Exciting young playmaker Noah Lolesio has the backing of his Wallabies coaches to play his natural game rather than try to switch into Test mode ahead of the Bledisloe Cup opener against New Zealand next month.
The 20-year-old talent showed off his array of attacking skills in the Super Rugby AU final, creating opportunities as well as breaking the line himself in his man of the match performance.
But rather than try to play a more conservative style on the international stage, Lolesio has been told by Wallabies backs coach Scott Wisemantel and head coach Dave Rennie to play to his strengths.
“Wisie and Dave have been awesome, they’ve just said, ‘be yourself, be the best version you can be’,” Lolesio said on Wednesday from the training base in Christchurch.
“That’s what’s got me here so I’m going to try to keep doing that, but not overplay my hand too much.
“I’m really looking forward to testing myself against the best players in the world.”
“In the Super season he (McDermott) was a definite ball-running threat which is what I love for a nine as it takes the pressure off my shoulders a bit, he said.
“It’s not just me trying to organise everyone around; he’s (McDermott) has got a big loud voice on the field and when he sees an opportunity he’ll take it, so it adds another dimension to the attack.”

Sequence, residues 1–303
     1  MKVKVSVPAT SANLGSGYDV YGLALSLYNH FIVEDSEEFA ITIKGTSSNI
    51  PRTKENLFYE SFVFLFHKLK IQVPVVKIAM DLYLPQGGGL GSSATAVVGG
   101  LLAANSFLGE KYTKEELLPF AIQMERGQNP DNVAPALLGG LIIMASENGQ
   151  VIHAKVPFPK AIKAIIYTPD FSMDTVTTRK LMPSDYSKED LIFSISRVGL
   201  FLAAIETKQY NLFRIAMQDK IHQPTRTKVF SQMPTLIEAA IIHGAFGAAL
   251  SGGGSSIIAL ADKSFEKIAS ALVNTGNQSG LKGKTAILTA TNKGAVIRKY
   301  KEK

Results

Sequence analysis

Lolesio is up against veterans Matt Toomua and James O’Connor to wear the No.10 jersey but Wallabies backs coach Scott Wisemantel says they will pick the best team possible, regardless of age and experience.
Waratahs rookie, 21-year-old Will Harrison, is also part of the 44-man squad.
“We wouldn’t have brought him (Lolesio) if we didn’t think he was ready,” Wisemantel said.
“The thing is, you’ve got to play your first Test at some stage, so the reality is that we’ve got four flyhalves and there’s competition.
“You’ve got young Will Harrison, another guy like Noah, who is fighting for a start and some (old) stagers there like O’Connor and Toomua so it’s a really nice balance.
“Two experienced and two young bloods.”
Lolesio roomed with O’Connor, who has played 52 Tests, at the start of their training camp and the youngster was happy to pick the brains of the 30-year-old.
O’Connor also burst on to the scene as a prodigious young star before his career went off track for a few years through off-field misdemeanours.
“He’s been awesome to me and he’s given me some really wise advice,” Lolesio said.
“We hardly ever talk about footy, we just talked about life in general and his life-learned lessons so he’s been unreal.”
– Melissa Woods
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